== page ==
Steve: Yeah, absolutely. From the age of thirty, thirty, our balance starts to decrease. That’s a fact. So really, you could argue we’re all getting old but from thirty we’re in an“old space” or starting the “old journey.” So if you’re not looking after yourself, balance-wise, you’re likely to fall. If you’re not looking after your body, your lower limb strength, like Bill said, can’t get out of a chair, can’t walk upstairs, can’t control yourself down a hill, you can’t get anywhere at a particular pace.
You don’t want to be that guy at the lights that you’re beeping — hopefully you’re not beeping cause you’re quite relaxed at the lights — but the person coming across the road, you’re beeping to the other cars, “Wait! That person hasn’t finished crossing the road yet.” You don’t want to be that person because it’ll affect everything else that you do. That’s why I think that it’s really important that old or older people can be as strong as they can be. And certainly Bill and I work with people where the person might be seventy but have a body of a forty-year-old. They might be eighty but they move like a sixty-year-old. That’s ‘cause they put the work in.
Know more about Clinical Pilates – a total body-conditioning program that helps to “re-program” the body.
Bill: So, the difference between remedial massage and myotherapist essentially is in Australia is a degree. A tertiary degree. So a remedial massage therapists and myotherapists stand all over the same treatment turf. They will work with soft tissue to help make someone well.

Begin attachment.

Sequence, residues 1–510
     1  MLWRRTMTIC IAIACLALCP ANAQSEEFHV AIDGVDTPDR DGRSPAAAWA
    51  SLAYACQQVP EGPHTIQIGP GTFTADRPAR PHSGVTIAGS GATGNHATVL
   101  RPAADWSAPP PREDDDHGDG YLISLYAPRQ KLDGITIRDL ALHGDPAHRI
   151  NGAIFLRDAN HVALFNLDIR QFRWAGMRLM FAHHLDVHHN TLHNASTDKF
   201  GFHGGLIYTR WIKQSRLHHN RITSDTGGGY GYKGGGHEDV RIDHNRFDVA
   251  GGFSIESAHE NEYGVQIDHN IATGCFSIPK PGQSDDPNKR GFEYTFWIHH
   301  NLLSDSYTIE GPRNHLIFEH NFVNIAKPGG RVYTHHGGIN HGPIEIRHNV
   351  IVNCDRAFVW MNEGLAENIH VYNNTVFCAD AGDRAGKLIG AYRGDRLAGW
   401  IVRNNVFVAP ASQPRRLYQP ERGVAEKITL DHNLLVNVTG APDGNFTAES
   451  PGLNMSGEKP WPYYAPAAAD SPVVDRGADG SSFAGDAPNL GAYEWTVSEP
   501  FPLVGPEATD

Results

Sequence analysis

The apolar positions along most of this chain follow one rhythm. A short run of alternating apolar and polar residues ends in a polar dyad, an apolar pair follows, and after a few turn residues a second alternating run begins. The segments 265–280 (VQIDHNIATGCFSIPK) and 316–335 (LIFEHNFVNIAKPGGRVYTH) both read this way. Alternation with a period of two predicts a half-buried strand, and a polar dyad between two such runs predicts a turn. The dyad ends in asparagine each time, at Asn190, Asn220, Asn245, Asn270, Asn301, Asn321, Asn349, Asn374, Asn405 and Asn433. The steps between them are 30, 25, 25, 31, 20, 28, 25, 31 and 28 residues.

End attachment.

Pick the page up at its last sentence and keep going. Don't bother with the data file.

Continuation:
A good remedial massage therapist can be just as effective as a good myotherapist. Myotherapists will then go to bat and say that they have better clinical diagnostic skills. And certainly from the education that they have, I would agree with that in principle. But a good remedial massage therapist will pick that, those skills up on the job, over the years.
Kind of like working as a tradie, you tend to grow your skills after your apprenticeship has been done. So, remedial massage therapist, myotherapist… take your pick. Find a good clinician.
Bill: Myotherapy, what is it good for? Well, myotherapy — the “myo” part of the name refers to muscle and the therapy part refers to therapy. They work with soft tissue and basically assist with soft tissue back to normal function for persons. Well, anyone with a problem or injury could see a myotherapist for treatment. If the problem is bigger than soft tissue, good myotherapists usually have a great network of people around them like physiotherapists or osteopaths or chiropractors or general practitioners or even surgeons. So, good myotherapists should have the clinical skills and clinical knowledge to know if their skill set isn’t going to deal with the problem and refer on. But generally, it’s about soft tissue mobilization to help someone back to full function.
Steve: I was going to add is that if someone trains hard, elite athletes in particular, and really good in preventing muscles becoming injuries. Working on them, keeping them nice and loose and floppy for want of a better description, can help prevent injury in those muscles. And make sure they perform, optimally, so you don’t get tears and those sort of things…
Bill: Floppy muscles, technical term?
Bill: Floppy grade two.
Steve: Grade two floppy?
Steve: Going to Grade three.